14ers – Wiki: A mountain peak that exceeds 14,000 feet (4267.2 meters) elevation (This term is not usually significant outside the Western United States).
The HardRock100 course impressed me. And I wanted more of it. I wanted to be that high above the world. Fortunately I was in good company. Surrounded by other big mountain enthusiasts and their pacers at Silverton meant it was not hard to find some takers for some summits. And then with Tony Krupicka’s eye on the Nolan’s record, fourteen 14ers in one mammoth day, meant there was some reciing to be done and I could follow in his wake.
The climbs are generally 1000-2000m of vertical and take me anywhere between 1.30-2.15hours to the top depending on how technical the mountain is. I am usually power hiking unless there are some zigzags that I can shuffle out an ‘almost’ run on. Still with some pain remaining in my legs from over doing it earlier this year, I have found that going straight up and straight back down doesn’t hurt and I can really enjoy following and being guided not by the trails but by the shape of the mountain.
The air is thin making lungs burn and sends my heart pounding into my head. Acclimatisation is slow but eventually when it comes and the light headedness goes you can finally find power, strength and energy from steep wild flower covered tundra, the varying rock colours and formations and the never-ending views.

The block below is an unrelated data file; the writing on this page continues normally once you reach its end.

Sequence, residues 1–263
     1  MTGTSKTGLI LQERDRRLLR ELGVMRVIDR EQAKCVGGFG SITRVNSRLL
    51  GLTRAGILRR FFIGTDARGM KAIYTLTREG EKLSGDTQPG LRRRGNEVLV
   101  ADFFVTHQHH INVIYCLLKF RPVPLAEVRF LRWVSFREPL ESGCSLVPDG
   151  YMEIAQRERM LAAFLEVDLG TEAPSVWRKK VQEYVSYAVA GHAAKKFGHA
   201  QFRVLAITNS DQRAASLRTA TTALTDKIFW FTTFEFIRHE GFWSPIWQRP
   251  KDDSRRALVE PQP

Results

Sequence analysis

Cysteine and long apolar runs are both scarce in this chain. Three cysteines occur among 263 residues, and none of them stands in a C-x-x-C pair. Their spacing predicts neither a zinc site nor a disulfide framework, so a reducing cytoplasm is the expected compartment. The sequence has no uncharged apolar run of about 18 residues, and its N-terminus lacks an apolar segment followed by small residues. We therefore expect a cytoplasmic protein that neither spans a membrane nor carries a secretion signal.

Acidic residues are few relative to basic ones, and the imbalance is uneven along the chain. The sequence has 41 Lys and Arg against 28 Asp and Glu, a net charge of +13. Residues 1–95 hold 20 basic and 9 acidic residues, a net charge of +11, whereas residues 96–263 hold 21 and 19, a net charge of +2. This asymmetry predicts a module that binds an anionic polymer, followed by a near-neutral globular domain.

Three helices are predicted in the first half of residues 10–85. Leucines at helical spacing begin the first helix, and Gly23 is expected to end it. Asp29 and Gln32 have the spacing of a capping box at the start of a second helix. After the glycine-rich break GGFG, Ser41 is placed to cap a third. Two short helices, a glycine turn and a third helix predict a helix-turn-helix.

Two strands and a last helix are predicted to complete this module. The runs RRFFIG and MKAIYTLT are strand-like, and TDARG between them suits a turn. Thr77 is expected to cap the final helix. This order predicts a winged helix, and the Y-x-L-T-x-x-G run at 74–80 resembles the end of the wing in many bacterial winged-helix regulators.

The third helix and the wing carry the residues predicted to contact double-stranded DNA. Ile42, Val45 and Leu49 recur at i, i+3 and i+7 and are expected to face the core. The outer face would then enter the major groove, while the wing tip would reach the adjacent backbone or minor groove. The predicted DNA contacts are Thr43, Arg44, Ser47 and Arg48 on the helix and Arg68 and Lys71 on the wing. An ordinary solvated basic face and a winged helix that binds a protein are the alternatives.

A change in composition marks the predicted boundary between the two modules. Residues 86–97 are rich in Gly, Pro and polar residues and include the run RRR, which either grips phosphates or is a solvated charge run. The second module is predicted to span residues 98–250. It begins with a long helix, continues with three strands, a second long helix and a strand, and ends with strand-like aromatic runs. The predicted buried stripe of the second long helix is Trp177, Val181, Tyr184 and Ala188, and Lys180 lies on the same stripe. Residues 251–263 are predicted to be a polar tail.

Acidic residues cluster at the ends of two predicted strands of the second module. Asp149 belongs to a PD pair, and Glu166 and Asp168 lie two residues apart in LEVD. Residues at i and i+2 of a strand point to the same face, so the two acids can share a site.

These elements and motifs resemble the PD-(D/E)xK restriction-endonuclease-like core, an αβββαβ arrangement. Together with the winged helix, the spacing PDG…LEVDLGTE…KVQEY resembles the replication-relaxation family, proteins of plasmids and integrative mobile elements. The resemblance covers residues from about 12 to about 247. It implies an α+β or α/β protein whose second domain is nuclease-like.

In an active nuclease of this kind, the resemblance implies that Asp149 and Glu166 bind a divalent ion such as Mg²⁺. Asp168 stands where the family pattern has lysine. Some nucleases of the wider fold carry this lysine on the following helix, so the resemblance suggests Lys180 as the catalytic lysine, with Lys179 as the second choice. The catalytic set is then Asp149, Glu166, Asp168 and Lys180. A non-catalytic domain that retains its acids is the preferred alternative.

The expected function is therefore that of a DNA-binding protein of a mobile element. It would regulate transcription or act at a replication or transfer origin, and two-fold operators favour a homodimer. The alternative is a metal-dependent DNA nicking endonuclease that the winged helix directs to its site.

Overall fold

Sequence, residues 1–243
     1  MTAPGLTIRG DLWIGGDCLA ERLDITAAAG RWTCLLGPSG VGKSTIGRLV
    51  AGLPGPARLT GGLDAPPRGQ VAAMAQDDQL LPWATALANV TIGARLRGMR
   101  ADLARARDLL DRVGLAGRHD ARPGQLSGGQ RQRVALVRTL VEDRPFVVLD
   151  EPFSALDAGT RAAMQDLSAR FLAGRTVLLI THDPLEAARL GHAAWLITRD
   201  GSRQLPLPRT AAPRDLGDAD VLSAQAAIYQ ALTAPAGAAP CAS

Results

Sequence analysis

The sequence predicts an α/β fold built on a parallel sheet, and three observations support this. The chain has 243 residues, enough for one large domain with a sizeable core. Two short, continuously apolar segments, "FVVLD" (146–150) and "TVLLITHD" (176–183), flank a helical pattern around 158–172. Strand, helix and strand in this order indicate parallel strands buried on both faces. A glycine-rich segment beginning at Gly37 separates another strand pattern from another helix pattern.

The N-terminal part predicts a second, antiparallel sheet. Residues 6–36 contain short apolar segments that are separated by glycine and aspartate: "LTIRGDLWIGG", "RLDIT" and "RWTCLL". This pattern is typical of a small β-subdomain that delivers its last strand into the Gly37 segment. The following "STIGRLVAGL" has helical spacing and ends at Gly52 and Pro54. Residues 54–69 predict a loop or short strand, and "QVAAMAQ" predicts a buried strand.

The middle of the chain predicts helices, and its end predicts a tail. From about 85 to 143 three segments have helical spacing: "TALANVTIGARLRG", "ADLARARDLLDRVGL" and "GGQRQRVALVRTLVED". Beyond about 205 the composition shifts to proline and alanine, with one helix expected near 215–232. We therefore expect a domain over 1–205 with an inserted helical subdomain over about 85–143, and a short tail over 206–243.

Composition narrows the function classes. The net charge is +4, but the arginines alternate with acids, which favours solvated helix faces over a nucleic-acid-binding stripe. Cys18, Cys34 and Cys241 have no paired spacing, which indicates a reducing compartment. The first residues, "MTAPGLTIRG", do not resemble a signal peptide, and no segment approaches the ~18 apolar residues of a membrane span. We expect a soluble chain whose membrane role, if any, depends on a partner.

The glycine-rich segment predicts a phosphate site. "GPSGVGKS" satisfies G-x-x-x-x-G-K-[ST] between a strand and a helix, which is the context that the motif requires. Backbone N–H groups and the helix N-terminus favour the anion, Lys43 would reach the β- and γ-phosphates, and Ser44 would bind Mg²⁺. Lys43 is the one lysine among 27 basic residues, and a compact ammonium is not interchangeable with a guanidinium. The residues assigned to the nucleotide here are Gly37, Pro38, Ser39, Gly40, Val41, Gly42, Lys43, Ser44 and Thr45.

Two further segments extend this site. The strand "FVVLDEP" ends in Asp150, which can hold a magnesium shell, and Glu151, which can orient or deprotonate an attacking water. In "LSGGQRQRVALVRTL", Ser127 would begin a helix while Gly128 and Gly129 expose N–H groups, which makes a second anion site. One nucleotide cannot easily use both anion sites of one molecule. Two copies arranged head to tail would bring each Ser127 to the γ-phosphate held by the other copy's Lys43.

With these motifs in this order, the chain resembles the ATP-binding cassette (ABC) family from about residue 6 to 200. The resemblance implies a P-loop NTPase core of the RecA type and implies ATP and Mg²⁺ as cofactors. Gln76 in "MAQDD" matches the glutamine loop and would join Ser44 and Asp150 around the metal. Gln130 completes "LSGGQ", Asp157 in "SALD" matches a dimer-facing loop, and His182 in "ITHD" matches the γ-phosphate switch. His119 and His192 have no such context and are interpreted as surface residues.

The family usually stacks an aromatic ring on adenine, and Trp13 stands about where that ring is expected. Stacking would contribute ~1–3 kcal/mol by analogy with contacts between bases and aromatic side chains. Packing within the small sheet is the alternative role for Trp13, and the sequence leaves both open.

It is awe inspiring. It makes you feel so small so high up there. I have a new found respect for the big mountains. They are not like the mountains in the Alps. These mountains are really alive with fierce energy. After Belford erupted with a lightning storm over me, surrounding me with purple electricity, buzzing through my skin and zapping my hair into the air, I understood. I understood that these mountains were going to tell us and show when we were not wanted up there. And I have never run down a mountain so fast and so scared.
What I don’t understand though is Pikes Peak. It is a mammoth mountain bursting out of the red rock and pine forests. It still blows my mind. How can it look so run-able but 1. take so long to get up and 2. be so brutal on the legs making you want to walk. I have been deciding whether to race the Pikes Ascent. I want to be able to actually run it well and my legs are taking a few runs to remember what running is like. I don’t have the speed I had when I raced in 2010, but I feel I have strength and I am definitely better acclimatised to the high altitude. It is going to take a lot of heart, a lot of lungs and a butt head determination.
These big mountains teach this. They are addictive. They are calling. They are warning!